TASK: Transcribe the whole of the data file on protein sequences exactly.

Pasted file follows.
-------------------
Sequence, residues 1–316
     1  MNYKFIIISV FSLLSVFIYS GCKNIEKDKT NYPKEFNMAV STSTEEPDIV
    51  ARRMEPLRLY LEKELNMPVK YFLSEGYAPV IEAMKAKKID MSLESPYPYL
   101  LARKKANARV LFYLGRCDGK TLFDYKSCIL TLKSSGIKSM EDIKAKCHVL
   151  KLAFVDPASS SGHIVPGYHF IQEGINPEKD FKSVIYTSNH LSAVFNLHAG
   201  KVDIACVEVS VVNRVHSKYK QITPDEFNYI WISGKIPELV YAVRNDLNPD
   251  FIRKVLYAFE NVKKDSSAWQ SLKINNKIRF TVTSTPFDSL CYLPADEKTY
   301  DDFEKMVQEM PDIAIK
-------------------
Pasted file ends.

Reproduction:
Sequence, residues 1–316
     1  MNYKFIIISV FSLLSVFIYS GCKNIEKDKT NYPKEFNMAV STSTEEPDIV
    51  ARRMEPLRLY LEKELNMPVK YFLSEGYAPV IEAMKAKKID MSLESPYPYL
   101  LARKKANARV LFYLGRCDGK TLFDYKSCIL TLKSSGIKSM EDIKAKCHVL
   151  KLAFVDPASS SGHIVPGYHF IQEGINPEKD FKSVIYTSNH LSAVFNLHAG
   201  KVDIACVEVS VVNRVHSKYK QITPDEFNYI WISGKIPELV YAVRNDLNPD
   251  FIRKVLYAFE NVKKDSSAWQ SLKINNKIRF TVTSTPFDSL CYLPADEKTY
   301  DDFEKMVQEM PDIAIK